Whether Dallas Hosts 2018 NFL Draft, In Part, Depends On What Happens In Austin In July | KERA News

Whether Dallas Hosts 2018 NFL Draft, In Part, Depends On What Happens In Austin In July

Jun 13, 2017

Five stories that have North Texas talking: Bathroom bill could hurt Dallas’ chances of hosting NFL Draft; Little Forest Hills neighbors paint street to curb speeding; Abbott signs state budget; and more.

The Dallas Cowboys are considered a frontrunner in the pool of teams and cities vying to host the 2018 NFL Draft. But, sources tell SportsDay, passing a bathroom bill in the special session of the Texas Legislature could hurt the team’s chances.

Lawmakers have yet to  reach a conclusion on what bathrooms and other public sex-segregated facilities transgender Texans are allowed to use. The bills proposed in the House and the Senate weren’t successful in the regular session. Legislation on “privacy” is one of 20 items that Governor Abbott listed for lawmakers to tackle, starting July 18.  


After the Super Bowl in Houston in February, the NFL issued a statement on inclusiveness and its anti-discriminatory policies, suggesting such legislation would impact future games.


The NFL will announce the location for next year’s event by late summer or early fall. The 30-day special session likely will be over, and the state’s position on the matter finally will be known. [SportsDay]

  • Gov. Greg Abbott signed the state’s two-year budget of $217 billion Monday. But he vetoed $120 million from various programs, including “measures meant to improve the region's air quality and assist the colonias, impoverished areas on the Texas-Mexico border,” the Texas Tribune reports. “This budget funds a life-saving overhaul of Child Protection Services, continues to fund the state’s role in securing our border, and ensures that the workforce of today and tomorrow have the resources they need to keep Texas’ economy growing and thriving,” Abbott said. [The Texas Tribune]


  • Neighbors in Little Forest Hills painted a street mural on Eustis Avenue with the hopes of slowing high-speed traffic. Artist Cary Okano designed the mural, “a glittering version of the Hindi deity Ganesh seated in a traditional Buddha pose, beneath a tree of swirling purple branches,” according to the Lakewood Advocate. The Dallas neighborhood has asked for stop signs and speed bumps in the past. Street art has proven to slow down drivers wanting a better look. The neighbors didn’t request a permit, but the paint, a reflective concrete stain, can come off if necessary. [Lakewood Advocate]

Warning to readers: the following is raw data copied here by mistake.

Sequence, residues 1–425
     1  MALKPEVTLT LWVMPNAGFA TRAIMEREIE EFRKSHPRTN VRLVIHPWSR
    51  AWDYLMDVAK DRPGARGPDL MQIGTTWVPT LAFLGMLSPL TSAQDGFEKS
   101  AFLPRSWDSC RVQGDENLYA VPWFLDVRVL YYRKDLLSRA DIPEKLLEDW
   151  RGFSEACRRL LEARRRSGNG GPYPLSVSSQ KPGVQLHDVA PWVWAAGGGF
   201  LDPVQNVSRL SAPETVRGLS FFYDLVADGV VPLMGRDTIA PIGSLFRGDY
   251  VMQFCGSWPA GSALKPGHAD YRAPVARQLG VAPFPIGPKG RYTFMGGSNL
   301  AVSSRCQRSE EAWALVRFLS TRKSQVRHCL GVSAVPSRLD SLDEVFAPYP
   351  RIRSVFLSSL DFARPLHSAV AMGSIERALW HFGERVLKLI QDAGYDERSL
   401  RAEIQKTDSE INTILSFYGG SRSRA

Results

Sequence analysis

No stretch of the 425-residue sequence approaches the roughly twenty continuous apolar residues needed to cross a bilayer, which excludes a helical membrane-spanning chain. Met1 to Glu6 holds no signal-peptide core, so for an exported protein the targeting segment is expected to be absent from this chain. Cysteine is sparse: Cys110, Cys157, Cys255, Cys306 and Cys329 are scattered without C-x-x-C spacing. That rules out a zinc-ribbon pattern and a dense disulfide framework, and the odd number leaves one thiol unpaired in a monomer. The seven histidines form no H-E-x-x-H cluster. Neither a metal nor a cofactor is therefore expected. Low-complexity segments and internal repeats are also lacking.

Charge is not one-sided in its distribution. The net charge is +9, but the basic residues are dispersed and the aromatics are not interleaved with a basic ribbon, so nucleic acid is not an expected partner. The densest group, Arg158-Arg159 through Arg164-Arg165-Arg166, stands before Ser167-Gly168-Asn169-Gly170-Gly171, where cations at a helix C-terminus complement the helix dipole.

• TCU’s baseball team is headed to the College World Series for the fourth year in a row. After beating Missouri State 8-1 on Sunday, TCU earned its ticket to Omaha, Neb. to play at TD Ameritrade Park — maybe, this time, for the championship. The Frogs reached the semifinals last year, their best run yet, the Fort Worth Star-Telegram reports. TCU is the 10th school ever to make four or more consecutive trips to the World Series. And with “elite pitching” on their side, the Frogs might just come back to Fort Worth with new hardware. [Fort Worth Star-Telegram]


  • “The music thing just started — like the fire fuse was lit. I just started feeling that constant burning.” Paul Cauthen, a 31-year-old country singer-songwriter from Tyler, learned to croon from his grandfather, a fourth-generation church builder and musician. Cauthen released his first solo album, “My Gospel,” last fall to critical acclaim. Cauthen sings about about love lost and desperate times. He hopes his honest approach to songwriting — and his velvety voice — will pave the way for him to join Waylon, Willie and more on the long list of Texas country music legends. [Art&Seek]


The High Five is KERA’s daily roundup of stories from Dallas-Fort Worth and across the state. Explore our archives here. And sign up for our weekly email for the North Texas news you need to know.